When I share the idea of riding a bicycle 1826 miles, I usually get one of those “are you nuts” looks from just about everyone. It was the same look I gave my friend, Isaac, who envisioned the ride concept in the first place. It didn’t take me long to buy in as I pondered the notion of riding across America to expand the dialogue regarding depression and suicide. Isaac, my partner in this adventure, is one of those special people who has found ways throughout his lifetime to inspire and motivate folks to pursue things that…too most…just seem too farfetched.
This country’s journey to better understand mental illness and its effects on a substantial number of people has miles to go. Our society doesn’t allow enough opportunities for those who are struggling to readily reveal their illness and easily get treatment without barriers. It’s not in our nature to admit that we have depression, and our families naturally try and keep it quiet during therapy. We must change the conversation and establish the fact that depression is a serious mental illness. We must give it the attention that it deserves when it comes to eliminating the stigma surrounding those who suffer and those who have lost loved ones to suicide.
As we ride from Minnesota to Louisiana, I’ll share Jordan’s story proudly and share all her wonderful attributes and stories with those that we meet in every community we visit. We’ll talk about the extraordinary young lady who always focused on helping people around her, near and far. We’ll talk about Jordan’s foundation and the important work it’s doing in the North Texas community that’s focused on depression research and suicide prevention programs. We’ll also expand on the idea of how other communities might mimic our efforts. Most importantly, we will listen to others who want to share their story.
We do this ride in honor of my daughter, Jordan Elizabeth, and the thousands of people who are struggling today and who have struggled in the past.
I remember exactly where I was when I received the call informing me that Jordan Elizabeth Harris had died. What I couldn’t rationalize at the time was how this incredibly special young woman, whom I had watched grow up and who was the light of so many people’s lives, could take her own life. Twenty months later, a young man at my sons’ high school took his as well. Two years after that, 16 Paschal High students signed a suicide pact and two of them actually took their lives before an intervention team funded by the Jordan Elizabeth Harris Foundation stepped in.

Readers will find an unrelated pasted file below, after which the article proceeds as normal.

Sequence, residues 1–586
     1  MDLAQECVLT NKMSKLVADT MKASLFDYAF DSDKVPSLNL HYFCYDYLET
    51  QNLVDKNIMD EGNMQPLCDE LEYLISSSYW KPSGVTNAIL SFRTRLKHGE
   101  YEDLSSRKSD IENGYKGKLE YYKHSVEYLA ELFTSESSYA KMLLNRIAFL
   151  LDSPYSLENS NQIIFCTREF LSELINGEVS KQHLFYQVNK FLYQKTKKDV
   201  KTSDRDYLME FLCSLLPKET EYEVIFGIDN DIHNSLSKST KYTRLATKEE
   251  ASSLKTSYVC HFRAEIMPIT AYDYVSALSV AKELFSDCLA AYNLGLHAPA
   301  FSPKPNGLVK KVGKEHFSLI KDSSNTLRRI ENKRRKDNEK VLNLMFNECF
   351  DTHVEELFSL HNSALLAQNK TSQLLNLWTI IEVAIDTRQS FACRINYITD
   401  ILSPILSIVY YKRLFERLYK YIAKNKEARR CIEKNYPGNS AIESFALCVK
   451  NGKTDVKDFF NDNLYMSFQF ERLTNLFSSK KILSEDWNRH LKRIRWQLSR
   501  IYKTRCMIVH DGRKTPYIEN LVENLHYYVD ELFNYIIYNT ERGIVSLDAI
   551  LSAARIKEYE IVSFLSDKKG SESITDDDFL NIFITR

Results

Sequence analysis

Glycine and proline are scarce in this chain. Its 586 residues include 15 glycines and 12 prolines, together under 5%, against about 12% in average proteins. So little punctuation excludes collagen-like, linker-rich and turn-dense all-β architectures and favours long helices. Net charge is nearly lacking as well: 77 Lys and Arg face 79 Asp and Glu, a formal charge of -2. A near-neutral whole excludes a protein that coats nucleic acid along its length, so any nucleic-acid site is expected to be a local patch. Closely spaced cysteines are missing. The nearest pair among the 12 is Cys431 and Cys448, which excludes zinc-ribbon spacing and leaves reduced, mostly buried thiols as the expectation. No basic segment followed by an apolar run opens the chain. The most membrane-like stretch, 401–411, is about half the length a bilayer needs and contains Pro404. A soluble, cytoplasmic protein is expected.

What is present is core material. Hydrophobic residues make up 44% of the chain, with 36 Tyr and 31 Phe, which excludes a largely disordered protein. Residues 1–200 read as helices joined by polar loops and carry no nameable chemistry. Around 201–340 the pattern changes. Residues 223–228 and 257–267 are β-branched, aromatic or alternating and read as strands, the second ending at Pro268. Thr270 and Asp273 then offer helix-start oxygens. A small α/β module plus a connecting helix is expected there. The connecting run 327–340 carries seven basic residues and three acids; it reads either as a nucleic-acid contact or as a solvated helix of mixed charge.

I am riding because I don’t ever want to go to another funeral for a child who has been so overwhelmed by darkness that taking their own life would be the only option.
I come from a long line people who have wrestled with depression over the generations. I wrestled with it through much of my teens and early adulthood; I know full well its depths and its impact. I am fortunate that with the help of friends and by what I used to call running-to-daylight, I kept the darkness at bay. I have been fortunate that my family has thus far been spared. We are the lucky ones. As my wife, Libby, likes to say about southern families, “Yall’d much rather sweep something unpleasant under the rug than deal with it head on.” The Light the Trail ride is my response to this deadly notion of denying depression’s existence. It’s time to do something about it.
Everyone has a story. Our ride is about making it ok to share those stories. We need to “bring the conversation to light” along our route and around the country with this ride. We want to put an end to the tragedy and the stigma and to eradicate suicide as an option. When confronted with the choice of darkness or light, I am riding because I choose light and life. I hope that others will follow.
It could have been yesterday, but it was not. I will never be able to wash from my memory the call I received, now over 20 years ago, from my now oldest sister telling me my then oldest sister, Susan, had taken her life by suicide. Devastated doesn’t quite capture the sadness and intensity of emotion I felt at that moment. Seeing in the days and years ahead how it impacted my parents, my siblings, and other family and friends was difficult to say the least.
Over time, I have strived to overcome the loss of Susan, mitigating that challenge with ‘acts of healing’. I do my best to look after family, friends, and others with greater intention, I cherish each day more fully, and I seek opportunities to help create more awareness around the reality of mental health disorders in the lives of many. I was blessed to find and come to know the work of the Jordan Elizabeth Harris Foundation.